• I’m glad you enjoyed them! The clothing exhibit was quite amazing. I only wish I’d take more photos!

  • Kimberly Gomez

    This post and your pictures are phenomenal. I’m a beginner sewer but I’m also an image consultant and fashion stylist, so being there during Fashion Week is beyond exciting. Just happening upon Burberry’s (one of my favs from LFW) show is so extraordinary. Even though I live in the current and future trend fashion world, I love historical fashion, so your pictures from the museum are lovely to take time drinking in the details. And knowing, not even in a million years would I ever even imagine being able to create something as beautiful as those garments.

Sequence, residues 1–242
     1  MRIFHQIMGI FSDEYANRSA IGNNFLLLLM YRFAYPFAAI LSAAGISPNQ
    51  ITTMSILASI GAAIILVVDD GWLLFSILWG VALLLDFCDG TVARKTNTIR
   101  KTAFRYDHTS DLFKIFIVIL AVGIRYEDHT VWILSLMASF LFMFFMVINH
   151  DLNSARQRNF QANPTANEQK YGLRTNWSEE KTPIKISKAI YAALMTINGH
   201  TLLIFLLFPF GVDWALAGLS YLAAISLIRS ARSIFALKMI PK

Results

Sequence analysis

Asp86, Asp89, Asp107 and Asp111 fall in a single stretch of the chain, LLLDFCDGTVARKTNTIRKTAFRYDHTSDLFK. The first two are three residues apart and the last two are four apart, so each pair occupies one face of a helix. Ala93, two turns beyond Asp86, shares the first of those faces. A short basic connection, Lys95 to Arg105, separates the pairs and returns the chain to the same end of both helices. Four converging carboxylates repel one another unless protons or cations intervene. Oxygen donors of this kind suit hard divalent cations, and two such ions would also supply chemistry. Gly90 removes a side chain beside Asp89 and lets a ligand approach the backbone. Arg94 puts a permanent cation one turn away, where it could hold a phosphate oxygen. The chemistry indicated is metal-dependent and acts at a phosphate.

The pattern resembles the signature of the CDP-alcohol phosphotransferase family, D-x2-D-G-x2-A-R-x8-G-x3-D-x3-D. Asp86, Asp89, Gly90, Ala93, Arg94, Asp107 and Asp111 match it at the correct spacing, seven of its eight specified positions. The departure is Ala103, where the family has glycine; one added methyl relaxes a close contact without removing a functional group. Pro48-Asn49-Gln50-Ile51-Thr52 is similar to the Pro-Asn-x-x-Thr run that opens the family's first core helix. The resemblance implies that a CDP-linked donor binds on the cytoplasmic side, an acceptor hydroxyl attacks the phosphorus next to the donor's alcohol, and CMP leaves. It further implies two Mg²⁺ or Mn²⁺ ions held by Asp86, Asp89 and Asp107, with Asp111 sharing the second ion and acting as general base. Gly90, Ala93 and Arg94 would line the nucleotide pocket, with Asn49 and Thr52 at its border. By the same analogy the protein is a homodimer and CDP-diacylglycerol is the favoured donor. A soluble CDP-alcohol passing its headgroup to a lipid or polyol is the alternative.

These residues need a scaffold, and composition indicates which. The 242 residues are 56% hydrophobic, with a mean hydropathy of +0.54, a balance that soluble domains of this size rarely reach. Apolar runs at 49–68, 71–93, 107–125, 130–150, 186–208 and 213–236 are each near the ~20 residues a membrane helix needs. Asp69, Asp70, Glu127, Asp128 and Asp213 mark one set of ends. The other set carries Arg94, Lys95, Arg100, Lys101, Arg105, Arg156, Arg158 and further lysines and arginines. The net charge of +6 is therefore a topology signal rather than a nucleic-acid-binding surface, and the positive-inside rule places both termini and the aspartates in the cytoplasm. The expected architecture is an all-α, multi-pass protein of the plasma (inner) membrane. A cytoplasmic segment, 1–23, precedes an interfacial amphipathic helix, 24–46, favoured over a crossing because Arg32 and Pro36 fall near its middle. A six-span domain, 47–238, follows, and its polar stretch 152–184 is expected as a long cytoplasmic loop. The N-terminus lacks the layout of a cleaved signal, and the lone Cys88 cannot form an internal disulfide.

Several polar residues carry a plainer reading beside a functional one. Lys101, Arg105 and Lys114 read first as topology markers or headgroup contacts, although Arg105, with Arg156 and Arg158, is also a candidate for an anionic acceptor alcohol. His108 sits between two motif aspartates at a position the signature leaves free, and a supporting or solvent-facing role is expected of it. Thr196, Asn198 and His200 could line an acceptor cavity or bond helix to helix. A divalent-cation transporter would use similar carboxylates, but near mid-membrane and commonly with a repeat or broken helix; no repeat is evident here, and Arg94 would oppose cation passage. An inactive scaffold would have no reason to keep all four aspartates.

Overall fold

Thank you for your pictures and thoughts. I really enjoyed them.

    • Thank you so much, Kimberly! I was beyond thrilled when I learned it was Fashion Week in London. We actually ended up following fashion week onto Paris, and I saw some of the most incredible outfits (and famous models) there.
      Historical fashion is one of my loves too. I could pour over details of gowns from the 1800s for days.
      I hope to put up my posts from Paris and Germany soon. There are many more garment detail shots to come! 🙂